Welcome to Saturday Book Review time!  On most of the Saturdays this year we’re looking at a liturgy-related book noting (as applicable) its accessibility, devotional usefulness, and reference value.  Or, how easy it is to read, the prayer life it engenders, and how much it can teach you.

Let’s start with a confession: I didn’t read all of the books in seminary that I was supposed to read.  But I did start catching up immediately after I graduated.  One of those books was Liturgical Theology by Simon Chan.  I was already a confirmed Anglican and in the discernment process for Holy Orders, and it was only then, in reading this book, that I began my deep love for the liturgy which has continued with me to this day.  I was so impressed by this book (and still in a note-taking mode like a seminary student) that I actually made outline notes of each chapter of the book.  So if you want to go into greater depth you can look at those notes here:

As you can see there, the first four chapters lay the foundation for a liturgical theology, and the last three set out concrete practices by which that liturgical theology can be expressed.  This is very helpful for those who are not familiar with liturgical worship, and need to see “why liturgy matters” before they can be bothered to learn about liturgy itself.  And even if you are familiar with liturgical worship, sometimes it’s helpful to go back to examine the foundational purposes for this way of life we share.

It should be noted, too, that Simon Chan is not an Anglican.  He’s not even from a liturgical tradition himself; he’s an Assemblies of God Pastor.  This has the disadvantage that this book doesn’t really deal with particularly Anglican liturgical practices, but it does have the advantage of a common-ground approach to liturgical worship that highlights the similarities across several particular traditions.  When he does give a walk-through of the Communion service, it is largely identical to the shape of the 1979 Prayer Book and the modern Roman Mass, not the Tridentine Mass or the classical prayer book tradition.  This may be a let-down for the traditionalist reader, but more relatable to the modern-liturgy fan.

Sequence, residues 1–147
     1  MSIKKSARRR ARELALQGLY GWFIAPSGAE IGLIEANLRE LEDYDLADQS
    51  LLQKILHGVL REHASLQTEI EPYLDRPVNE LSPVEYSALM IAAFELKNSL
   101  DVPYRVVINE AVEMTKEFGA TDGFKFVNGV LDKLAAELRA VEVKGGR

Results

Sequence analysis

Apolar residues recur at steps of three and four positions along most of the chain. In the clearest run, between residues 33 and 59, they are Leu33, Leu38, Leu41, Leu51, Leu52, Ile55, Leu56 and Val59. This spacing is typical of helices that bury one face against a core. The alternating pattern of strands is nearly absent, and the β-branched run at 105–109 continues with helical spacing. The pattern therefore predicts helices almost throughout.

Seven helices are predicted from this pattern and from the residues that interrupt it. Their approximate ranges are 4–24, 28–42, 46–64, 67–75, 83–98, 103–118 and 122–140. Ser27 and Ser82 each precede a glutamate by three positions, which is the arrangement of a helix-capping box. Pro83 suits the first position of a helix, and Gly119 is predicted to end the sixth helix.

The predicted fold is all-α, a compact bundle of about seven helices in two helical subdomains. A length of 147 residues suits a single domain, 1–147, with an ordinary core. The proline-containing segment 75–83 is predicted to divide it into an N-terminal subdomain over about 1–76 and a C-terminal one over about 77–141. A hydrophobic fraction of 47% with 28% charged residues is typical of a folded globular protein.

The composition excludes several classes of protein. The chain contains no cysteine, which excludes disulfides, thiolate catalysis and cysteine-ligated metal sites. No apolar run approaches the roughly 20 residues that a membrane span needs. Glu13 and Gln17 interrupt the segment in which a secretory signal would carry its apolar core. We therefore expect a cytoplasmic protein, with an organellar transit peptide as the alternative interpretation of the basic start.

I’ve noticed that the website for an ACNA diocese actually has a review of this book, which you may find useful for reflection on the nature of the Church.  There’s also a review of this book on the well-known The Gospel Coalition blog which makes a number of unfounded criticisms (such as that Simon Chan does away with sola scriptura and promulgates the doctrine of transubstantiation!) which I can only tell you to disregard.  I think that reviewer either had a chip on his shoulder against the liturgical tradition, or didn’t read the book very carefully.

On the whole, I would still recommend this book quite happily.  It won’t give you an Anglican education, but its principles are sound and its commentary is insightful.  In fact, the fact that this is a pentecostal author arguing for historic liturgy makes his exhortation all the more earnest and significant.  This is no patronizing Anglo-Catholic telling the evangelical world how to fix their problems, as we often imagine liturgical theologians to be!

The ratings in short:

Accessibility: 4/5
Although this book was an assigned text for one of my seminary courses, it is not a dense scholarly read.  It is intended, I think, for pastors, worship leaders, and interested laymen who do not necessarily have any higher education.  It’s clearly organized, logically written, and peppered with citations for further reference.  (Except they’re endnotes, yuck!)

Devotional Usefulness: N/A
This is a book to read, not pray.

Reference Value: 3/5
If you’ve never read a book about liturgy and liturgical worship before, this is probably the best place to start.  It’s informative, covers a lot of ground, and gets you connected with plenty of biblical and Early Church quotations.  It won’t really improve your knowledge and understanding of the Prayer Book tradition, or English spirituality, but you can save that for another book.  From analyzing the Creed to outlining the three-year catechumenate, this is a great place to begin your foray into liturgical studies.

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